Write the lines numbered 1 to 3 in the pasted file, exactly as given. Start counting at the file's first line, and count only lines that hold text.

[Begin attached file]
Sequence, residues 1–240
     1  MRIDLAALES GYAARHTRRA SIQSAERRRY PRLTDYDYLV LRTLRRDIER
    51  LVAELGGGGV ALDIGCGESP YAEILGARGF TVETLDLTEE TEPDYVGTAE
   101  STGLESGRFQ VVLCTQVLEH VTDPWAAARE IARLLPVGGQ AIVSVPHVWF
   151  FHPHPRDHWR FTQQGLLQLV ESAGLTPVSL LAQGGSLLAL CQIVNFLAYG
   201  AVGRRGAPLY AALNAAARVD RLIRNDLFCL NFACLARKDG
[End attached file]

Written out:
Sequence, residues 1–240
     1  MRIDLAALES GYAARHTRRA SIQSAERRRY PRLTDYDYLV LRTLRRDIER
    51  LVAELGGGGV ALDIGCGESP YAEILGARGF TVETLDLTEE TEPDYVGTAE